Like any other person, a highly sensitive person needs to find a career where they feel comfortable and fulfilled.
Unlike any other person, however, an HSP faces certain challenges that make some jobs less-than-ideal.
Here’s our list of the five worst jobs for a highly sensitive person.
Sales and marketing
Whether it’s navigating the floor of a department store trying to make a sale, making cold calls, or knocking on doors and talking about a new product, the very idea of sales and marketing can make a highly sensitive person break out in a cold sweat.
This is for a few reasons …
- An HSP is highly tuned into the reactions of others.
- An HSP also reads body language and nuanced responses that others might not catch.
- They can easily spot when someone is not open to their words.
- The highly sensitive person will naturally translate this into rejection, the very thought of which can ruin an HSP’s whole day.
Now imagine having to deal with approaching strangers, giving a sales spiel, and hearing the words “No” (regardless of how politely they are spoken) … All. Day. Long!
For this reason, sales and marketing is an industry a highly sensitive person should likely avoid.
A highly sensitive person feels things deeply and relates personally to problems they hear about or encounter.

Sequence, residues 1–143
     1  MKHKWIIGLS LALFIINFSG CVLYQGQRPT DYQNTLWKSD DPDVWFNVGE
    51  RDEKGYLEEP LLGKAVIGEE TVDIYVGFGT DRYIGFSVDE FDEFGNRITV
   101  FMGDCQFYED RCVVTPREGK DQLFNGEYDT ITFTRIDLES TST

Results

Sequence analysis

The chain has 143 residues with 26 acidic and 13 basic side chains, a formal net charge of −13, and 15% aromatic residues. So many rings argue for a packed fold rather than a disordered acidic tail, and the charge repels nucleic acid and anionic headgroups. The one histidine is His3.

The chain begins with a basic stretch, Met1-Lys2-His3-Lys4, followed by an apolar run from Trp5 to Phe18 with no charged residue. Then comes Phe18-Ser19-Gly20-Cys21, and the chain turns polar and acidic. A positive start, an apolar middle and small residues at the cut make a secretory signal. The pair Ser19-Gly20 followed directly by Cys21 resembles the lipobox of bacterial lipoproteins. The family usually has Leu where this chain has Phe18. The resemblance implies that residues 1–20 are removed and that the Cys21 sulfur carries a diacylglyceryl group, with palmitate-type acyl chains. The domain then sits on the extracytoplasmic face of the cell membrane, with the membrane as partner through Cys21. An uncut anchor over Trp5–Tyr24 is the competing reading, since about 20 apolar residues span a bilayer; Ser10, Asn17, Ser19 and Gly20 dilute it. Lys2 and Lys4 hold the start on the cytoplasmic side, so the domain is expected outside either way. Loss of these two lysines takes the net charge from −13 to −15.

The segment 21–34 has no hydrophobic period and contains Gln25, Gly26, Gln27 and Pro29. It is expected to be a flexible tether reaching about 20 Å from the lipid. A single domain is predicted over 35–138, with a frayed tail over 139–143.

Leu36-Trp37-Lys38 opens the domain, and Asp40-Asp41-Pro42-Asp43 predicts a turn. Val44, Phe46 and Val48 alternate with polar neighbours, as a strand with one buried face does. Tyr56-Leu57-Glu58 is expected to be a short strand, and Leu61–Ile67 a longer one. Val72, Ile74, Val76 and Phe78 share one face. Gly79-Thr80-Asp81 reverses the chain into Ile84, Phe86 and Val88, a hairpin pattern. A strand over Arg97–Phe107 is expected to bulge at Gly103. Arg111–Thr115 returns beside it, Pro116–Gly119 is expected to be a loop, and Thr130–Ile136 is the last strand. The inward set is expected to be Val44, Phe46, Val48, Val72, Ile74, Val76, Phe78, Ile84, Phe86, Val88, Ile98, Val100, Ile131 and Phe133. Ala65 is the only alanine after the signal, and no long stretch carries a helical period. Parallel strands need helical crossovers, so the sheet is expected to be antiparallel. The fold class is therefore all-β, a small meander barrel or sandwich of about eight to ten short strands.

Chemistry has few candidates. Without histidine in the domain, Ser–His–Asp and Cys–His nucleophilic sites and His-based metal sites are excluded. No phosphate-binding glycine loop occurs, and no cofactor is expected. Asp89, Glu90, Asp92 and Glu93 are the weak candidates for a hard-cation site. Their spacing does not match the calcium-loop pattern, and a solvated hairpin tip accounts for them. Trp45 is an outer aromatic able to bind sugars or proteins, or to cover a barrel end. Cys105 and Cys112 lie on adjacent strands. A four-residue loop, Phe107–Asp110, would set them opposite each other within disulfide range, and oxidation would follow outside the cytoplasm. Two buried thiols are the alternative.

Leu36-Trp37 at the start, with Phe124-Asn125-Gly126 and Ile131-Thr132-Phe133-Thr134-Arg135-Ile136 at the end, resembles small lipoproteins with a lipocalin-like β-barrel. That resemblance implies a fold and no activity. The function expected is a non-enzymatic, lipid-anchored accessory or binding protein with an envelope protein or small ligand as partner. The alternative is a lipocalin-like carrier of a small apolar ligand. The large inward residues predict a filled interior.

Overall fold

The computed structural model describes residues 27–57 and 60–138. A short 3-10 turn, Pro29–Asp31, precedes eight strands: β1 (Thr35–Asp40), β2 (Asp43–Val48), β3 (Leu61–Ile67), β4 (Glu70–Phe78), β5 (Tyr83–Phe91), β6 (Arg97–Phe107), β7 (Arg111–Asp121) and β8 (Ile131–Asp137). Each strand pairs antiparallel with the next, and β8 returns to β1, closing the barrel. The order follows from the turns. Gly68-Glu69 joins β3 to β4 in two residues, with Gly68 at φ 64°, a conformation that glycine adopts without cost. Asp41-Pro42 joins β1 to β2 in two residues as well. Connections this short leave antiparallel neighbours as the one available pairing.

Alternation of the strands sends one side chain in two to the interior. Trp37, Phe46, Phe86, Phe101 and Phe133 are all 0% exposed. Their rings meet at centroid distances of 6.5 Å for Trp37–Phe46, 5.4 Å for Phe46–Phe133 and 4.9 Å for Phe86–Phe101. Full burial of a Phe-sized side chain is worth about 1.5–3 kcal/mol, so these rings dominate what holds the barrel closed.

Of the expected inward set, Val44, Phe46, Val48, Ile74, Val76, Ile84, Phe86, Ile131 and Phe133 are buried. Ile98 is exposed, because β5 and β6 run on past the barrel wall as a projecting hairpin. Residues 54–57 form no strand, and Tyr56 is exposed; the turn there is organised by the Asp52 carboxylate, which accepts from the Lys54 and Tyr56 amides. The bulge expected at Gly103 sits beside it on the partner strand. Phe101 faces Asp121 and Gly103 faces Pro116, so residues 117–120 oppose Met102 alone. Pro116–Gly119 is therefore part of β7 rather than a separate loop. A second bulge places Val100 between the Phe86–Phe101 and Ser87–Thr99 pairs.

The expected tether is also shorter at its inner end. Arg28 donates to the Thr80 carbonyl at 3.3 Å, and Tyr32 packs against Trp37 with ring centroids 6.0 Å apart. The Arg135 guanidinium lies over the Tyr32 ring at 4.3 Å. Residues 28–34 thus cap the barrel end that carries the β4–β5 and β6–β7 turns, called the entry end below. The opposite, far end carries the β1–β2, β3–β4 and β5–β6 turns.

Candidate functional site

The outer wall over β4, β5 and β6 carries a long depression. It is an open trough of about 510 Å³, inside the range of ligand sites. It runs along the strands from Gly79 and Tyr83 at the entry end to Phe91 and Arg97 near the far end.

Many HSPs are also empaths and they easily absorb the feelings of others.
In a customer support position, an HSP would have to hear about people’s problems on a regular basis. The problems might be technical or retail, but to a highly sensitive person, they’re personal.
A person in public relations is perpetually on stage, at least during work hours.
A highly sensitive person regularly needs solitude and downtime, which would not be an option with a hectic Monday-Friday job in public relations.
Clearly, this would be one of the worst careers for a highly sensitive person.
Managers and supervisors need to take responsibility for other people. The proverbial buck stops with them.
However, a highly sensitive person already takes emotional responsibility for people around them.
An HSP in an executive position would have to deal with that doubly-strong sense of responsibility, internalizing daily problems and finding it difficult to disconnect from work troubles after clocking out.
Conflict deeply disturbs the delicate equilibrium of a highly sensitive person.
And lawyers/attorneys make a living off of conflict, loosely speaking.
On top of that, they have to deal with the lack of justice they would face on a daily basis.
An HSP’s desire is to help people with their problems; therefore, having to face the fact that they can’t fix every unfair or painful legal issue would affect them more deeply than others.
If you are an HSP looking for a career, now you know the worst jobs for a highly sensitive person.
With this list of what areas to steer clear from, you can more easily narrow your job search and find something that works for you.
All the best in finding a career where you can find the support and balance you need as an HSP.
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